Forging Connections By Studying Family



Watching young children's natural curiosity light up as they learn about the world around them is an unforgettable experience for parents and educators alike. As adults, we have fun rediscovering nature through teaching children about plants, animals and insects. We imagine with our students as they learn to read, and we retread the steps of famous explorers as they turn globes. There is, however, one area we all too often overlook while helping children learn about society: The very roots that planted them there - their families.

Encouraging children to explore their family connections through writing, and creating family trees
has a lot of benefits for young children.  Here are just a few.

  • Learning about family creates a stronger sense of identity. We begin forming a sense of individual identity as toddlers and lay most of the groundwork for who we’ll become between the ages of 5-9. (The core aspects of our personality are usually in place by our preteen years.) Learning about where we come from during grades K-3—including the values and traits we share with our close relatives—entwines our individual identity with a sense of permanence, belonging, and stability. This in turn leads to increased confidence and self-esteem.


  • Creating a family tree can help a child begin to understand his or her place in the world. One of the core “journeys” of childhood is the transition from being a completely dependent, self-focused infant to being an independent, generous adult. When a child creates a family tree, he starts to see how he’s connected to something “bigger” than himself. He starts to think about how his relatives have influenced his life and how he’s changed theirs. 

  • Remember that a young child’s capacity for “big picture” thinking is quite limited, so they need to engage with broad concepts like “society” in smaller, more personal way than adults do. Ideally, you should limit a young child’s family tree to just the two most recent generations; filling it with people the child has actually met will help him to visualize and understand the concept of greater connectedness.  Here is a family tree and lesson I created specifically for young students.  This unit not only builds a sense of family, it also helps to create a sense of community. 

Interestingly, the popularity of genealogy in America (where the practice first made the transition from being an occupation of the wealthy to being an everyman pastime) can be attributed to this same need for a “local connection.” In the 1800s, genealogy (then known as “antiquarianism”) became a popular way to study local history and honor the achievements of the community, thereby building a sense of American identity.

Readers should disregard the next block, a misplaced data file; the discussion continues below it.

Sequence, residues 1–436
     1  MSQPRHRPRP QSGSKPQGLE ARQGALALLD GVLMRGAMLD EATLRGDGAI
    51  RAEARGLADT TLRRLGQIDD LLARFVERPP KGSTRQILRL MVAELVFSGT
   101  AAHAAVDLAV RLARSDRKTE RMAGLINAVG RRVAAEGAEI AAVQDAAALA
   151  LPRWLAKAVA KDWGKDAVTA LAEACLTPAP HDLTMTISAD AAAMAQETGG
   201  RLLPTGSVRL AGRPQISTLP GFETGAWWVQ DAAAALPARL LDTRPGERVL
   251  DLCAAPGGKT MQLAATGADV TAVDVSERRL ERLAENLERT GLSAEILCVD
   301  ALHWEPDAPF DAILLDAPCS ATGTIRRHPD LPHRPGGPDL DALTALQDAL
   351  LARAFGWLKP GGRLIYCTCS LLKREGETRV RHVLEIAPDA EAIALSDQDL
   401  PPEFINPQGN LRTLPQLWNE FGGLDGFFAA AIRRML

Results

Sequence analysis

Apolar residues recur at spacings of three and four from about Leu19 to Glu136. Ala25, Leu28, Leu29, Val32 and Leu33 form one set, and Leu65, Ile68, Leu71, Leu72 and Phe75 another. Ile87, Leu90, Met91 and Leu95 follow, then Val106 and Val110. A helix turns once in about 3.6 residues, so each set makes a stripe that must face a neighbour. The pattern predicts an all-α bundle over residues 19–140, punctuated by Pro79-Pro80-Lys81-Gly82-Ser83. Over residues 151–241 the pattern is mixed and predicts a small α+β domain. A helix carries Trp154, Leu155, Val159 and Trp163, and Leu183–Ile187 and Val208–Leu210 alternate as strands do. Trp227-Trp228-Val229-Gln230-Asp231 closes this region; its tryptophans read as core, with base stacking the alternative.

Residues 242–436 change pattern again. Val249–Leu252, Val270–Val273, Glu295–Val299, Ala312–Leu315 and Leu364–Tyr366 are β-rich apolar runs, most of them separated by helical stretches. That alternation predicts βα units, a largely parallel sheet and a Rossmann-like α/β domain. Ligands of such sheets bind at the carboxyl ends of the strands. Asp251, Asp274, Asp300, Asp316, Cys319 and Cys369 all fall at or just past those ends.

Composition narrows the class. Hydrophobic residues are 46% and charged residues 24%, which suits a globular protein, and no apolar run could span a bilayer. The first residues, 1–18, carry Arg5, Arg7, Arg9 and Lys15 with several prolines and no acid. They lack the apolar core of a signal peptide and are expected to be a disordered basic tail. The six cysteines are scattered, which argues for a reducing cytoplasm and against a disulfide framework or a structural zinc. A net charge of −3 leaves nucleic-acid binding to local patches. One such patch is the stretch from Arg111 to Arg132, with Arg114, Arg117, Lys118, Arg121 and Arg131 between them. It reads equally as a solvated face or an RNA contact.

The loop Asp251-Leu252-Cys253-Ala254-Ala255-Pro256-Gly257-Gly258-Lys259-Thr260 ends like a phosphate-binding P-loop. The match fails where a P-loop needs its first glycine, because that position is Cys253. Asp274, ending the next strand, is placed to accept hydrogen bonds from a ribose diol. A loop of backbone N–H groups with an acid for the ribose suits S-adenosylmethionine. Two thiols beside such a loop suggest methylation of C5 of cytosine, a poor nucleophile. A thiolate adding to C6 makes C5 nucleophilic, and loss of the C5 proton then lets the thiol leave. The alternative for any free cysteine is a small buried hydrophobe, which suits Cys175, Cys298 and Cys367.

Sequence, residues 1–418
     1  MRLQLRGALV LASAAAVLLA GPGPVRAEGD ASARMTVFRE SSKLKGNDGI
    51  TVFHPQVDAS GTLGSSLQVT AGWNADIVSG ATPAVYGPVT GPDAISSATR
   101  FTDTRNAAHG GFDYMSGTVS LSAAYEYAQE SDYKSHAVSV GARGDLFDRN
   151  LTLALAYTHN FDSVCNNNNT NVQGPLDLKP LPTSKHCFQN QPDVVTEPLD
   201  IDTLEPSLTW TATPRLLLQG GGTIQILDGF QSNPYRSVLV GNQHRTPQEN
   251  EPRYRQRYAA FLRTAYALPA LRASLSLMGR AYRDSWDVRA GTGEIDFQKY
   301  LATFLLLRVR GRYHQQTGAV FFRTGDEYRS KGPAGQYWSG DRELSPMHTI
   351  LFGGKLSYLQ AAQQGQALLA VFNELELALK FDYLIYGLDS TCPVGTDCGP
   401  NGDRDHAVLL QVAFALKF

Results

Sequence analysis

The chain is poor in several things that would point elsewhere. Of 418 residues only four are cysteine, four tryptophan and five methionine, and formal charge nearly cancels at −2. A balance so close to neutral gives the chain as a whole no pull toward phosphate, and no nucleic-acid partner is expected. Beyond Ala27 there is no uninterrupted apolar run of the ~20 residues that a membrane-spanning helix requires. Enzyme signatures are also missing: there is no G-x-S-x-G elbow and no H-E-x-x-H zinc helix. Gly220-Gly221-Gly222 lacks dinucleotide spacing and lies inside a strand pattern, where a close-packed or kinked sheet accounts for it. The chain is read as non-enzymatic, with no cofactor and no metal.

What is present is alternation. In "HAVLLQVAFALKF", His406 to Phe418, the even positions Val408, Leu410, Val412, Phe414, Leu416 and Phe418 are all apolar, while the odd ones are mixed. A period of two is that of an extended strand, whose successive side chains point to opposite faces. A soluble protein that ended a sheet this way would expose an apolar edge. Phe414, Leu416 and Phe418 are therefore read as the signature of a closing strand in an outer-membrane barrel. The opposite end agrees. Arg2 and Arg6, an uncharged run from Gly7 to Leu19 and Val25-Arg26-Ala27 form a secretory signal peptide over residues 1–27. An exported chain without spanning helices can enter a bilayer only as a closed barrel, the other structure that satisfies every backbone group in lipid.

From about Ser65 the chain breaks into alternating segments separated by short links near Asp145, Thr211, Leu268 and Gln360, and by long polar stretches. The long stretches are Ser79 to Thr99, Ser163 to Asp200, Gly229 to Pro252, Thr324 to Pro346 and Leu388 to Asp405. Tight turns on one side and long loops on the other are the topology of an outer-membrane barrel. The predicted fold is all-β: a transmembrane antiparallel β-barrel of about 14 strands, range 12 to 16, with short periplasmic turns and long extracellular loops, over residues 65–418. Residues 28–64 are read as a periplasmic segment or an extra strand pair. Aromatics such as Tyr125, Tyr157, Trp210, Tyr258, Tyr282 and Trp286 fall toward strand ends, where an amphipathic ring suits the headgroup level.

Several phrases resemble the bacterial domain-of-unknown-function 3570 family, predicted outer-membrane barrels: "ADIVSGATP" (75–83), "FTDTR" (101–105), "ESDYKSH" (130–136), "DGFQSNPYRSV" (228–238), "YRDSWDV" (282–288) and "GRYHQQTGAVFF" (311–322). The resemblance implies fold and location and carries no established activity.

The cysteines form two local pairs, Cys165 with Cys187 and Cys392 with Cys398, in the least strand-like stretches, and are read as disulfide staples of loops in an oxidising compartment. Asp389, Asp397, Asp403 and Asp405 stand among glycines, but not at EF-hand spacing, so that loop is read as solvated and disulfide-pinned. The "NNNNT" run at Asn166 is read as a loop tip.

• Thinking and writing about family groups improves a child’s social skills. The sense of interconnectedness described above helps to increase a child’s ability to empathize. When children see how familial interactions have actively shaped their lives, they start to think more deeply about the impact their own actions can have on others. They begin to see that we’re all part of an interdependent web where caring, sharing, and providing assistance factor heavily into everyone’s continued happiness and success. 



  • Studying family history is a great catalyst for developing a general interest in history. For many children, history is a dry and distant subject. The dates, facts, and names contained in history books can easily feel completely irrelevant to a child’s life (and therefore profoundly dull). While teachers try many tactics to make history seem more “alive” to their students, they often overlook the literal “living history” contained in a child’s own immediate family tree. By exploring the world of their parents and grandparents, even young children can forge a personal connection to the past and begin to grow an understanding of how historic events have shaped our current reality.



When a child creates a family tree, that child is in essence creating a map of exactly where he or she belongs. This is both personally empowering and a valuable learning exercise thanks to its
implications of greater context and historical relevance. Better still, children generally enjoy this exercise so much—precisely because it’s so immediately relatable for them—that it feels more like play than work... And what more natural way is there to learn, than through play?








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